4 Supplements That Affect Your Nutrition and Mental Health
Your brain is an impressive organ. It is continuously working, day in and day out. It not only runs essential functions of your body like breathing, heart rate, metabolism, and digestion, but also to allow you to think, move, feel, and communicate.
This remarkable and complex organ requires a constant supply of “fuel” to perform these functions correctly, continuously, and seamlessly. That fuel comes from the things we eat and drink, and the quality of that fuel directly impacts the performance of our brains. If parts of the brain aren’t working correctly, the whole body suffers, with negative impacts on physical and mental health. While we know a lot about the effects of diet on physical body systems (like cardiovascular health), more and more information is emerging about the effects of diet on mental health. The better we understand the ways in which nutrition, vitamins, and minerals affect our mental health, the more we can adjust what we put into our bodies to achieve the best possible outcomes for mood, energy, and wellbeing.
Below are 4 common dietary components to consider when choosing foods that may positively impact your nutrition and mental health. Be sure to talk to your healthcare provider about your typical daily diet and how you can work towards a better balance of necessary nutrients.
1. Omega-3 fatty acids
Omega-3 fatty acids are commonly found in several types of fish or can be taken through a fish oil supplement. Omega-3s play an important role in central nervous system function and can affect structure and function of various proteins and receptors in the brain. Studies have shown low levels of omega-3 fatty acids in individuals with depression, schizophrenia, postpartum depression, and other mood disorders. Research supports supplementation with fish oil or increased fish in the diet as beneficial in reducing or even preventing symptoms of many of these disorders. Some of the best food choices to get your omega-3 levels up include salmon, cod, mackerel, or walnuts, or taking a daily fish oil supplement.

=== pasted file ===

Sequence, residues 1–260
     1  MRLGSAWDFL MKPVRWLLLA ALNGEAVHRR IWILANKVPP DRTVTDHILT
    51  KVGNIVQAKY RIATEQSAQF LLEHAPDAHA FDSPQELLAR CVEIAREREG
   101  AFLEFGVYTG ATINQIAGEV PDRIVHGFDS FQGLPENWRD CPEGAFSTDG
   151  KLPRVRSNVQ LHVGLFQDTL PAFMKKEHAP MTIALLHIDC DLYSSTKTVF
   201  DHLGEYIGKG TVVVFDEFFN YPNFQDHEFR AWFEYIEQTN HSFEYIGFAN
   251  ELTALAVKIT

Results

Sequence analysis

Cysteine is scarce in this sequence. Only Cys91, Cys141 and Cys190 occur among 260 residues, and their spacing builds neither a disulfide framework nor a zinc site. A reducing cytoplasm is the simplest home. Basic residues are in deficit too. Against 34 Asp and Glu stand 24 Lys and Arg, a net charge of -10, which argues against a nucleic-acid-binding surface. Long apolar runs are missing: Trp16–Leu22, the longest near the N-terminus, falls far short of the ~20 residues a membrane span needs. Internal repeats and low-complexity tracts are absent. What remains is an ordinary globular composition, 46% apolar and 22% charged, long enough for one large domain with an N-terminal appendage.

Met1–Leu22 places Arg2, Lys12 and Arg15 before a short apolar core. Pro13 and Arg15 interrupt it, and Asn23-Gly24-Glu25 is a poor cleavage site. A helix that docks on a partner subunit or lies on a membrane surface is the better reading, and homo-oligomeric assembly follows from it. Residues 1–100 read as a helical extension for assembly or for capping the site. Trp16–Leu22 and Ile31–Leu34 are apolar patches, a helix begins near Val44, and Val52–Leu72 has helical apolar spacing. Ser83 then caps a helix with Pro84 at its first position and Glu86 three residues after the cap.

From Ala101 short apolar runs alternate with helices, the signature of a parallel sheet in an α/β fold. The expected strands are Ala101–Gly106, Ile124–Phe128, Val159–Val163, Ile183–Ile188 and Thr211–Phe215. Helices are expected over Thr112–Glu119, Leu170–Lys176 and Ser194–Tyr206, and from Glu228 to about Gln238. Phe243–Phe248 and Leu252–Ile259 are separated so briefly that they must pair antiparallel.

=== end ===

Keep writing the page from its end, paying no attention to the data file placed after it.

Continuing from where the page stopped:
Iron is an essential mineral in the body and is used to help red blood cells carry oxygen through the body. Iron deficiency can result in a condition called anemia, where the body’s red blood cells are too small, too weak, or there are too few to do their job efficiently. This not only results in weakness and fatigue, but may also interfere with levels of serotonin, dopamine, and other hormones in the brain, leading to anxiety, depression, poor focus, trouble sleeping, or irritability. Iron levels are often tested in children before a diagnosis of ADHD is made, as many of the symptoms of this disorder can be attributed to iron deficiency. Dietary iron is found in many foods, including green leafy vegetables (spinach, broccoli, etc.), beans, red meat, lentils, and fortified cereals. Incorporating iron rich foods into your daily diet is beneficial, but depending on your current level of iron, an over the counter or even prescription strength daily supplement may be needed.
3. Vitamin D
Vitamin D is a nutrient utilized by the body for several functions, including absorption of calcium, bone growth, cancer prevention, heart and blood pressure health, and immune system function. Vitamin D also plays an important role in mental health and mood regulation, with a deficiency contributing to things like poor sleep and circadian rhythm dysfunction, decreased alertness, low motivation, and memory problems. Our primary source of vitamin D is through exposure to sunlight, but it is also found in some foods like fish and eggs. Dietary supplements are available over the counter or at prescription strength, however this is a fat-soluble vitamin, meaning any excess will be stored in the body, so it is best to have your levels checked by your healthcare provider before taking a supplement in order to avoid an overdose.
4. Vitamin B12
Vitamin B12 is a vital nutrient for structure and function of the brain and nervous system. It contributes to the regulation of hormones like serotonin and dopamine which play a huge role in mood regulation, nutrition and mental health. A B12 deficiency can lead to fatigue and poor concentration and can contribute to symptoms of anxiety and depression. Dietary sources of vitamin B12 include seafoods such as clams, sardines, salmon, trout, and tuna, and other foods like fortified cereals, eggs, and dairy products. It is also available via over the counter or prescription strength supplement.
About the Author
Sarah Schulze, NP
Sarah Schulze is a certified Pediatric Nurse Practitioner, specializing in Behavioral Mental Health medication management for children, teenagers, and young adults. Her mission is to establish effective and lasting health practices, so that a client can optimize their quality of life. In her previous experience, Sarah has worked as a Pediatric Nurse Practitioner, where she provided services to clients ages 0 to 23 years-old in a private medical practice. She has experience working with ADHD, ODD, OCD, and other mental health issues.
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